TORONTO - Canada's big banks were basking Wednesday in the afterglow of a strong third-quarter performance that came amid a worldwide financial crisis in which scores of other financial institutions around the world crashed and burned.

At a financial forum in Toronto, senior executives trumpeted the gains banks made while looking forward to some of the opportunities the global meltdown has opened up for them, particularly outside Canada.

Royal Bank CEO Gordon Nixon said he saw "significant opportunities" for acquisitions in the next few years amid further restructuring in the financial-services sector, but said the bank would proceed with caution.

His comments were echoed by Scotiabank CEO Richard Waugh, who said Jamaica, Mexico and Chile all offered up chances for expansion, while Bank of Montreal CEO Bill Downe said he saw the possibility of buying troubled consumer banks in the U.S., especially in the midwest.

"I'm highly confident that there will be good deposit bases that can be acquired and high-quality branches," Downe told the Scotia Capital forum, adding he expected U.S. authorities to ramp up bank closures over the next year.

"What we've done is invested heavily in understanding where in the market there are banks that could be good opportunities."

A Scotia Capital research report Wednesday noted Canadian banks had reported "stellar third-quarter earnings, better than street estimates," and the third straight quarter of outperforming expectations.

Last month for example, Royal, the country's largest bank, reported record quarterly profit of $1.56 billion.

Altogether, the five biggest banks - the Royal, CIBC, TD, Scotiabank and Bank of Montreal - earned a combined total of $4.4 billion in third quarter profits for the three months ended July 31. That was $500 million higher than the $3.9 billion a year earlier.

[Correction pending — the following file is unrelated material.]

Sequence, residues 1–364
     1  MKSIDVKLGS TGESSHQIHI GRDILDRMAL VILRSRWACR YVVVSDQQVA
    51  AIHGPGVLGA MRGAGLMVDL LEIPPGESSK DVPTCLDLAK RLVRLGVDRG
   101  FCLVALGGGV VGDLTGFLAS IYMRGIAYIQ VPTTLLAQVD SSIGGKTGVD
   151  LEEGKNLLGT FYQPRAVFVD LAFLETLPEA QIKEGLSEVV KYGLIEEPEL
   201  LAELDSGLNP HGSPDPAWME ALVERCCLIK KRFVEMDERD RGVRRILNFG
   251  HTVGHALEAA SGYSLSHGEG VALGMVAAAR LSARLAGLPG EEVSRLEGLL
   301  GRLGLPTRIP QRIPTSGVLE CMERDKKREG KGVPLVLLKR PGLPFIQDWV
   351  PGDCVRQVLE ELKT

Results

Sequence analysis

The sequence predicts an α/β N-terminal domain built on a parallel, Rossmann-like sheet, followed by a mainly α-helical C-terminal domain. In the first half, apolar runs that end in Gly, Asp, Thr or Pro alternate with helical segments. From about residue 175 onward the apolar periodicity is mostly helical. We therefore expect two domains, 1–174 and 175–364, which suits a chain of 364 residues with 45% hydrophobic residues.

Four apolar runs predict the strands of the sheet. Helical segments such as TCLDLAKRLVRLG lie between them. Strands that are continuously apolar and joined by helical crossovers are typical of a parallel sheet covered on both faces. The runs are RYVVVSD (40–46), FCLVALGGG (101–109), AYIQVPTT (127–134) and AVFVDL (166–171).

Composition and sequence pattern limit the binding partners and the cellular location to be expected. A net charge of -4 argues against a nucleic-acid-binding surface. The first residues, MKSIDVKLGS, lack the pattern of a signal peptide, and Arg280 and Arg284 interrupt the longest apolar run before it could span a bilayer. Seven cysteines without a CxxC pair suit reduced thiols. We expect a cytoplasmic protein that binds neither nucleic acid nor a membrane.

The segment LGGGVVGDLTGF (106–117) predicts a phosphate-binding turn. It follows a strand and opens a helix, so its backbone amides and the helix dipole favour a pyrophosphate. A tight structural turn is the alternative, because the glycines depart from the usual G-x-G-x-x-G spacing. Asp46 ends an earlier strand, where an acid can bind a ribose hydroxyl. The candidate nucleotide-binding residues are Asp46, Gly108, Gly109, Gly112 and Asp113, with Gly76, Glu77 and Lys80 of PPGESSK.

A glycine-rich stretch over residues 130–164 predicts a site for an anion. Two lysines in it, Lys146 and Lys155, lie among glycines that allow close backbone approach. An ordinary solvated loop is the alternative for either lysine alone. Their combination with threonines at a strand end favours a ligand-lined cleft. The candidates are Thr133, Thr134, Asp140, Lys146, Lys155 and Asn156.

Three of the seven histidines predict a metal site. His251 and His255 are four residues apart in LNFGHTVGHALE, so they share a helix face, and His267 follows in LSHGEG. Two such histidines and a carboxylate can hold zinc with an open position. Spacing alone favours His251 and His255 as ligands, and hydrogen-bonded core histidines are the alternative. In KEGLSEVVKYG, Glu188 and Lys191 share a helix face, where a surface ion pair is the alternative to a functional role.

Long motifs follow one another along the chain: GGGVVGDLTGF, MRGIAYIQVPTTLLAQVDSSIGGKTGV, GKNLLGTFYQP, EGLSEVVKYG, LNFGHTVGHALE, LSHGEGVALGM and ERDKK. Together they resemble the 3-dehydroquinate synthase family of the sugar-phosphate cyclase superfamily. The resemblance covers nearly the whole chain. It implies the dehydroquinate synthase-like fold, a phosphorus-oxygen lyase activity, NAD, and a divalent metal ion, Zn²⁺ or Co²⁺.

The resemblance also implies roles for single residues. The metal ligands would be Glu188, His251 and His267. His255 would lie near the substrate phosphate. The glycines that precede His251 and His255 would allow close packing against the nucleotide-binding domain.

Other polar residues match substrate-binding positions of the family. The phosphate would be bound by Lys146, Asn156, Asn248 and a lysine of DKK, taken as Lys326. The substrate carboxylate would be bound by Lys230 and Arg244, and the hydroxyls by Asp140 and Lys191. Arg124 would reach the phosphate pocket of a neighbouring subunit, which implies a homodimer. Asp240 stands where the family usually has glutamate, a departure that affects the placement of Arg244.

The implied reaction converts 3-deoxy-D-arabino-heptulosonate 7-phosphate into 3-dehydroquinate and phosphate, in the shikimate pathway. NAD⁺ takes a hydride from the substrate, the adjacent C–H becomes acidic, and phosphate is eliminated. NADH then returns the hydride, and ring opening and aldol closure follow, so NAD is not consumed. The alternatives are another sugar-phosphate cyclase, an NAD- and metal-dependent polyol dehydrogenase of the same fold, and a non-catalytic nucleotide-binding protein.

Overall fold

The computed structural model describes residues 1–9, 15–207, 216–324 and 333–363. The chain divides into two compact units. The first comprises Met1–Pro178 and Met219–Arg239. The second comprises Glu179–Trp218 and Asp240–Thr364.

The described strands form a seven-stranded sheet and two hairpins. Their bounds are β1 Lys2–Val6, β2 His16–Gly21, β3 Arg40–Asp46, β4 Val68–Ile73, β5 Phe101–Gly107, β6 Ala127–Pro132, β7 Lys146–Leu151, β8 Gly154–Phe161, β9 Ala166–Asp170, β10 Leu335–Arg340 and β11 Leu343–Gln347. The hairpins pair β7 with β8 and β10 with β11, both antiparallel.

That was above analyst expectations and showed the Canadian banks, despite higher loans losses and problems in some of their businesses, have weathered the recession better than most.

Compared to the U.S., where the financial crisis has seen 81 banks fail in 2009 alone, the Canadian banking system is quickly establishing itself as one of the safest in the world, and this quarter only served to cement that reputation.

Once criticized for making huge profits and squeezing consumer and corporate borrowers, the Canadian industry is now being viewed by many Canadians as prudent, solid foundations of the economy which avoided the recklessness that battered big Wall Street financial companies such as Lehman Brothers , Bear Stearns and AIG.

The Scotia Capital report attributed the positive news to strong wholesale-banking earnings and trading revenue.

"Canadian banks seem to have weathered the siege in a strong fashion," the report states.

"The most significant development this quarter, we believe, was the improvement in the net interest margin, which reversed an eight-year descent."

Bank stocks have risen 50 per cent year-to-date, substantially outperforming the Toronto Stock Exchange, while dividend yields have been a healthy 4.1 per cent with prospects of further increases in the coming quarters.

CIBC CEO Gerry McCaughey said his bank's strong capital levels would be used for its retail-business expansion rather than be used to reward investors.

While the bank had lower-than-expected quarterly profit in August because of funds set aside to cover bad loans, it did report a 12 per cent Tier 1 capital ratio - above the levels held by international competitors.

"Our Tier 1 (capital ration) is at the high end of what we think is required given the current environment," McCaughey said.

"But unless we have a good usage for it from the viewpoint of normal business growth, we would not be engaging in activities such as dividend increases or share buybacks in order to bring the Tier 1 down."

Nixon said markets were showing signs of recovery and the economic tailspin was slowing. The bank's credit profile showed improvement even in the hard hit United States, although economies around the world still faced "many challenges."

During the forum, environmental activists asked whether Nixon was comfortable with his bank's financing of development of the Alberta oilsands, which they view as destructive and unhealthy.

Nixon said his bank tries to take a "balanced" approach and that all financial institutions invest in the energy sector.